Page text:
And maybe he could’ve listened to her. Maybe he could’ve given his ego a back seat to common sense. The war, going on seven years now, held few surprises for the combatants. Numerous Skybellies before the Herbert, both the red and the gray, had fallen for the same trick.
Eventually, the Sacama‘s commander might have a bad day and meet a similar fate.
She felt a fierce pain in her left leg. Broken in the landing, no doubt. Her bag, which she’d managed to snatch in the few seconds before the Herbert blew apart, should hold a splint kit.
Her fingers crept along the surface of the ledge until they touched canvas. She found the strap and tugged the sack onto her stomach.
It was gray and bore the double boot logo of the Greatest Infantry.
“Are you gramand kidding me?!” A woman’s voice, shouting from somewhere below Rachard’s ledge.
He wasn’t dead.
And now he wasn’t alone.
And he was wearing a hat? No. Not a hat. A sack. He rolled aside, clutching the strap, and worked his way into a seated position against the cliff wall. He looked down at the red canvas sack with the winged logo of the Greater Fleet.
Rachard leaned over the edge to look down at his companion in peril. He shouted: “Got your bag! Seems you’ve got mine, eh? Neat trick. Tell me there’s not a God, now, bloody red heathen!”
“If she exists,” the woman below snapped back, “she’s an ironclad bitch to do this!”
He tried to ignore the obvious blasphemy, instead venturing: “Well, he does not suffer from a lack of irony, to be sure.”
She opened the gray sack and dumped the contents on the rough stone of the ledge. Some ration packets, a canteen, a coil of rope and a hook, a transmitter encrypted for the infantryman’s biometrics, and seven gold-foil framed holy icons.
“Maybe I can pray to the magic sky ghost to fly me out of this hole,” she mused bitterly.
Rachard rummaged through the Greater woman’s bag, carefully setting each item next to him as he proceeded: a canteen, a splint kit, a handful of ration packs, a transmitter attuned to the fleeter’s biometrics, and six bottles of painkiller pills – perhaps intended for an unholy suicide ritual mandated by the heathen commanders to avoid capture.
“Who doesn’t pack rope?” the soldier groused.
“Throw my radio up,” the man on the higher ledge urged Clemeni. “Cushion it with ration packs, tie the rope to it, and throw. Easy, right?”
Right, she thought. Give up my food and the rope. Give him a means of reaching the enemy commanders so they could rescue him and either kill or imprison her.
“Drop my radio to me,” she countered. “Much less trouble.”
Given the glorious promise of Heaven or imminent threat of burning Hell, Rachard would never surrender that radio into the hands of an enemy who would see his people exterminated.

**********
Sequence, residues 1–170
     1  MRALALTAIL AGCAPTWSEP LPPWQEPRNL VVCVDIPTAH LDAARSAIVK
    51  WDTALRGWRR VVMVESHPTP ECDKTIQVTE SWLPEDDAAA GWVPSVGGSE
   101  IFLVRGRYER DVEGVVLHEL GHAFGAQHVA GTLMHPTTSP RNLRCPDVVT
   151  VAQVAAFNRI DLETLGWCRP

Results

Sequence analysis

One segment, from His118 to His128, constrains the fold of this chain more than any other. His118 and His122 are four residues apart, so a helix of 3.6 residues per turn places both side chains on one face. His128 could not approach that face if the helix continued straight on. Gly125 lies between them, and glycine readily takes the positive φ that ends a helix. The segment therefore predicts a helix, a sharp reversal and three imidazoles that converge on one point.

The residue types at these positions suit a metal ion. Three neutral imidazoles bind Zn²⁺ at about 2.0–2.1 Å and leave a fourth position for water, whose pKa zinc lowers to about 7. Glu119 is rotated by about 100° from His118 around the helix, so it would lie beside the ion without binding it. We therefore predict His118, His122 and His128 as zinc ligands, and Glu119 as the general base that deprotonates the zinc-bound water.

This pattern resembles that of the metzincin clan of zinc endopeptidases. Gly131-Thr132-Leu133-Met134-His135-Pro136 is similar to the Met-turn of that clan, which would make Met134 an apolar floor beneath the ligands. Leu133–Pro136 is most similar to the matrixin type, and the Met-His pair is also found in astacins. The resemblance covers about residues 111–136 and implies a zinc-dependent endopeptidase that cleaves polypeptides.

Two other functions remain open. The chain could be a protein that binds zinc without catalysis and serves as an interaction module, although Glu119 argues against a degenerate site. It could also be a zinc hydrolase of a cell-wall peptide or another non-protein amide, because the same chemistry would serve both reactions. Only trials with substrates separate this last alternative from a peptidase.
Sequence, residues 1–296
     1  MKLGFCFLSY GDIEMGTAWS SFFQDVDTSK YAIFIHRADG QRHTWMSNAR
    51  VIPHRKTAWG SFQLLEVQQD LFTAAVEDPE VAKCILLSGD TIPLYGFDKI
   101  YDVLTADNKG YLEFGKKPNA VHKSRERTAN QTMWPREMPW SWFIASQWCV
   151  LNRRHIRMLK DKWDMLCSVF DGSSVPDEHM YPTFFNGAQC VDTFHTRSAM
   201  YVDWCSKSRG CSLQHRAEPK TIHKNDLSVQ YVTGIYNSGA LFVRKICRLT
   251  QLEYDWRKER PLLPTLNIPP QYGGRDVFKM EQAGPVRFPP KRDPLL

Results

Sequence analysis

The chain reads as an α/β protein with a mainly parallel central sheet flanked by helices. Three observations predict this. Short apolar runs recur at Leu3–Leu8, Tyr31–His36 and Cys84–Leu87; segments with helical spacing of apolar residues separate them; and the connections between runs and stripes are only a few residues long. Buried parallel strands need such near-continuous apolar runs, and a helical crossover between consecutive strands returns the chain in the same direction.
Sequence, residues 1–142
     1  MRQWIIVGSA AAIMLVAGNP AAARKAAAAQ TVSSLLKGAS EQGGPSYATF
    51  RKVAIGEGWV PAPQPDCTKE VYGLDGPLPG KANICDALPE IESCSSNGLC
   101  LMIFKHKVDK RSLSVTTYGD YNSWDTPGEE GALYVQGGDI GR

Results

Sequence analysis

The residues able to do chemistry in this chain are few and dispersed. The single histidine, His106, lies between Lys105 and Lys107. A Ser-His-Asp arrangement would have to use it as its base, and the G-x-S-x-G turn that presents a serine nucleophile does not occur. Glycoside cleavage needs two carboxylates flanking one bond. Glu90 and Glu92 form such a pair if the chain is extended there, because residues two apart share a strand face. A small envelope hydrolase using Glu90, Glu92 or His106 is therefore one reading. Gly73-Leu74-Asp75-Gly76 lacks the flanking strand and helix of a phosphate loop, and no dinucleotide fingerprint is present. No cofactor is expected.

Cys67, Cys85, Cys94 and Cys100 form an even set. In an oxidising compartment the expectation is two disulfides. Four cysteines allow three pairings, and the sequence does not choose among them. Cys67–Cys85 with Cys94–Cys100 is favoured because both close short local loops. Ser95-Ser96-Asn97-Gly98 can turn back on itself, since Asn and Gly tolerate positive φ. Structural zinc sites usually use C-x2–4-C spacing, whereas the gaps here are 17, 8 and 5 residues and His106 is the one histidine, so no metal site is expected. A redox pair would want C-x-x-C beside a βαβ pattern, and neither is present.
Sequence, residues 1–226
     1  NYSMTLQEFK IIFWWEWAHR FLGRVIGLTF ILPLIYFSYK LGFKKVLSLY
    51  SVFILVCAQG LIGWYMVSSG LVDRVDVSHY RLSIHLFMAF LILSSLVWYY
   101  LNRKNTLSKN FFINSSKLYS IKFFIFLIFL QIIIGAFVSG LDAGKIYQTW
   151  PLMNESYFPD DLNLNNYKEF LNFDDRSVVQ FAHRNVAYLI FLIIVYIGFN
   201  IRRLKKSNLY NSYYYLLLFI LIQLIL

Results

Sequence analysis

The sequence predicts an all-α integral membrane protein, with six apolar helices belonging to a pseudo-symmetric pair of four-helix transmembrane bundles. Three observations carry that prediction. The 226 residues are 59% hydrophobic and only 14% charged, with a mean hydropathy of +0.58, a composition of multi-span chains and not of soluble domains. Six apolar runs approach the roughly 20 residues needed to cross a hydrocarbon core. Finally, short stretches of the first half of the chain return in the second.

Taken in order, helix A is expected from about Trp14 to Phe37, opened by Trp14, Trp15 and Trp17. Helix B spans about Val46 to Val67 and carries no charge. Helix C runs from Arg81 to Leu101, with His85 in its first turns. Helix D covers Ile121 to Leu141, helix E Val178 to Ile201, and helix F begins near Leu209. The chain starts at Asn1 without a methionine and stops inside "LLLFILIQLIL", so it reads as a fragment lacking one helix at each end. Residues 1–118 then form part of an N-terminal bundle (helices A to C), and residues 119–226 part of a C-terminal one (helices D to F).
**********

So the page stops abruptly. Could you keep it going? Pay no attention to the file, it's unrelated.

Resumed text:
Just a few minutes ago, after all, she’d been aboard the notorious Greater Skybelly Herbert, gazing down at the Weedlands in atheistic condescension, blithely scorching the world with cannon fire.
“Stalemate, I suppose,” he said, with a weary sigh.
Clemeni grunted at the zealot’s foolishness, the sort of blind, stubborn devotion that justified their subjugation.
It always baffled her that people like him could put all their faith in a mystical, unknowable sky ghost, while proving so reluctant to bow under the undeniably real blistering onslaught of the Greater Fleet. She didn’t begrudge the soldier’s beliefs, really. She just hated the haughty insistence that it somehow made his people better than hers and gave him some grander destiny.
She knew better. Her father once told her a truth that she carried with her to this day. He’d beaten Clemeni’s mother for the last time after Mom accidentally burned the Givna warbler. The lawkeepers had arrested him once, but it hadn’t been enough. So she, at age thirteen, had gutted him with a meat fork.
As he lay dying, he muttered: “Little by little…we all become monsters.”
“What are you going to do?” she asked the man on the ledge above. “Pray your way out of this?”
Rachard felt sorry for the woman. And that reaction surprised him. The godly commanders of the Greatest Army had taught the troops to fear and despise the faceless heathens arrayed against them by the Prince of Darkness. He should quietly condemn her to the waiting Abyss and turn his thoughts inward to contemplation and meditation.
But now, even in a situation where they must depend on each other for a chance at survival, she belittled his faith in an obvious attempt to make her feel better about the grim situation.
“You’re not helping,” he said. “But, to your point, at the very least, prayer would not *hurt*. My name’s Rachard Limn, by the way.”
“Oh, I don’t give a gramand’s shit who you are,” the Fleeter snarled. “I just want to get the muck out of this chasm and back to my people.”
At that moment, a pair of gyrocopters whirred into view from the north and south over the conflagration caused by the Herbert‘s demise. One of the spindly vessels bore the gray colors of the Greatest military, while the other was a soot-smeared red of the Greaters.
“I suppose God answers prayers of all kinds,” Rachard muttered.